All these years, Pamulinawen has not outgrown its confusion. In 2009, the last time Laoag joined the Aliwan Fiesta, Pamulinawen portrayed fishing as an old Ilocano practice although in this country of over 7,000 islands, fishing is really common fare. In the Tan-ok ni Ilocano Festival of Festivals, Pamulinawen has been portrayed as blacksmith trade (2011), courtship (2012), and songwriting (2013). It was in the Mini Tan-ok Dance Competition last February that Pamulinawen became pallot.
This, dear karikna, is rather sorry. Few people know that Pamulinawen Festival is actually older than many Philippine Festivals, the Sinulog (1980) and Dinagyang (1977) included. With the help of local historian Pepito Alvarez, I have personally seen a souvenir program of the Pamulinawen Festival initiated in the 1950s when Ferdinand Marcos was still a congressman and Carlos P. Garcia was the Philippine president. Meant to highlight Ilocano culture and to bring it to fore in the national consciousness, various events were staged by the provincial government not only in Ilocos, but in various venues in Metro Manila as well. For some reason, the festival was not held for some time until it was revived in the early 1990s under the administration of Laoag Mayor Ernesto Tamayo. It was then that Laoag adopted the Pamulinawen, previously a provincial event, as a city festival.
Through the decades, dear karikna, Laoag has failed miserably to shape and define the Pamulinawen Festival. Maybe there are other priorities over cultural and historical integrity? Could it be politics, a showbiz mindset, or obsession about malls? I personally heard a top choreographer respond to someone who asked how the conceptualized the Pamulinawen dance routine was conceptualized: “Charing-charingan lang,” he said. The choreographer may have said this in half-jest, but this helps us understand why the Pamulinawen continues to suffer a crisis of identity.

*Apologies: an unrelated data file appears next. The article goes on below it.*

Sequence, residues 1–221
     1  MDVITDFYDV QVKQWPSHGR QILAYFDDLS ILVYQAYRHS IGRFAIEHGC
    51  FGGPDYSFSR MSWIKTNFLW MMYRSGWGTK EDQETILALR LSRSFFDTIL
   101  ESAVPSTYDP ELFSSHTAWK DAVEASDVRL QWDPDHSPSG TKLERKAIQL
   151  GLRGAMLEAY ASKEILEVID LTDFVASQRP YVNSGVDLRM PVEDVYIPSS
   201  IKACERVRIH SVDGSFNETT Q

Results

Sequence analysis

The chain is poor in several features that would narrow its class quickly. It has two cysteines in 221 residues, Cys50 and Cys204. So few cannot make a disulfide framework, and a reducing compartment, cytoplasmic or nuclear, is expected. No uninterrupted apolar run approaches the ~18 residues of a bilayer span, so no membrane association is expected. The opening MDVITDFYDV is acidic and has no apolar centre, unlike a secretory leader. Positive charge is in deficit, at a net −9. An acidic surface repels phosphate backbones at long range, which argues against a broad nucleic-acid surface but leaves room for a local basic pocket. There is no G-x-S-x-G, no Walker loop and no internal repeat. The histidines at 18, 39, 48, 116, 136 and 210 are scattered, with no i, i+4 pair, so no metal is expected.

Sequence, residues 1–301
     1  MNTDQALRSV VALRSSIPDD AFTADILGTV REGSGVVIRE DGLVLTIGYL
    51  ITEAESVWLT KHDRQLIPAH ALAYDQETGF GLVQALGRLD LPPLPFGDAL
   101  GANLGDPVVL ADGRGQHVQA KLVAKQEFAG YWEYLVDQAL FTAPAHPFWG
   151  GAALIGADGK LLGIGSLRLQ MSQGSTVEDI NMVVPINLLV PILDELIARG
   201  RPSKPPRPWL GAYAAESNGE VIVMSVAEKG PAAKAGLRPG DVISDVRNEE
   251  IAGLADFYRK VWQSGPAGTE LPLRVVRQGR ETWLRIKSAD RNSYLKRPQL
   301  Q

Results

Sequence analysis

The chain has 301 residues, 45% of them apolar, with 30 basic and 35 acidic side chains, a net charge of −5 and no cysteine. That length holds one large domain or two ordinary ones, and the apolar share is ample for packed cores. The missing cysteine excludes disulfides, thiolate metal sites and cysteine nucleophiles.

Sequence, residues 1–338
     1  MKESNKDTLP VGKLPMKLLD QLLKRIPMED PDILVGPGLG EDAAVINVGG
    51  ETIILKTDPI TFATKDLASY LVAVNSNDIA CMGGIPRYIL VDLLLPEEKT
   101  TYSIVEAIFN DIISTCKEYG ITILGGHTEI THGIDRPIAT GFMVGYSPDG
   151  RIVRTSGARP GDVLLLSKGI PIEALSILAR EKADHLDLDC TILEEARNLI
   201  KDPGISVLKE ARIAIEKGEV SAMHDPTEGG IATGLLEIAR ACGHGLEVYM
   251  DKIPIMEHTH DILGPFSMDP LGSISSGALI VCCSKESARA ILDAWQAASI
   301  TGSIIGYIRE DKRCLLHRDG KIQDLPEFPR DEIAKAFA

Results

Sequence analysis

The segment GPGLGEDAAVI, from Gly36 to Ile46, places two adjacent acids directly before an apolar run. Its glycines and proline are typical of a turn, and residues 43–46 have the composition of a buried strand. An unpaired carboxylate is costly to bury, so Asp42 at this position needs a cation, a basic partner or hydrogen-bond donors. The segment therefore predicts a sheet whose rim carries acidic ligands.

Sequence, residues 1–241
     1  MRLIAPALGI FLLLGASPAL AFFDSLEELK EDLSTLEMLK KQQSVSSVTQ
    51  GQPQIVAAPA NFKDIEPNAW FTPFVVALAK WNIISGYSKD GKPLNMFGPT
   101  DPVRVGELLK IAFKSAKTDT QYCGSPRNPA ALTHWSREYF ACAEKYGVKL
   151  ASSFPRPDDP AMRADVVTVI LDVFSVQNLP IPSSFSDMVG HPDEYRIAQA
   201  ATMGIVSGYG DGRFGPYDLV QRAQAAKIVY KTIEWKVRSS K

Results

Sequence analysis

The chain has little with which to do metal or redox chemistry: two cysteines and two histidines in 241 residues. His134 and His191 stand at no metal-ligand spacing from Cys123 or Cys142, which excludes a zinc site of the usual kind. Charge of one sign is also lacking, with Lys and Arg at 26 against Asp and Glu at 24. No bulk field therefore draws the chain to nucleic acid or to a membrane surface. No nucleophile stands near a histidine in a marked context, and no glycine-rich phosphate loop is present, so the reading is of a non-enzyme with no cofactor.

And what about the viewers, especially the non-Ilocano ones, do we really want them to believe that Pamulinawen, and, by induction, Ilocano culture, is about pallot?
Artists are powerful individuals; they could even be more influential than politicians, for they shape their people’s consciousness, help them define their identity, and empower them to preserve their heritage while embracing evolution and change. Any artist who sees his value only by the trophies he has won is underestimating, even insulting, himself.
Laoag City ranked fourth in Aliwan Fiesta 2014. While this may be an achievement, the choreographers are apparently unhappy because they know they could have done better. They could have won second or first, they say. They put the blame on faulty props made by the Laoag City Engineering Department.
Sadly, they regret the faulty props, but not the questionable story.
I am proud that Laoag, my beloved city, has potentially excellent artists. Destined for greatness, they will be on top—better than everyone else—I am sure, in the next editions of Aliwan and more.
Meantime, let’s take on the challenge of narrating our true and meaningful story. And on this artistic struggle outside the cockpit, we must not chicken out.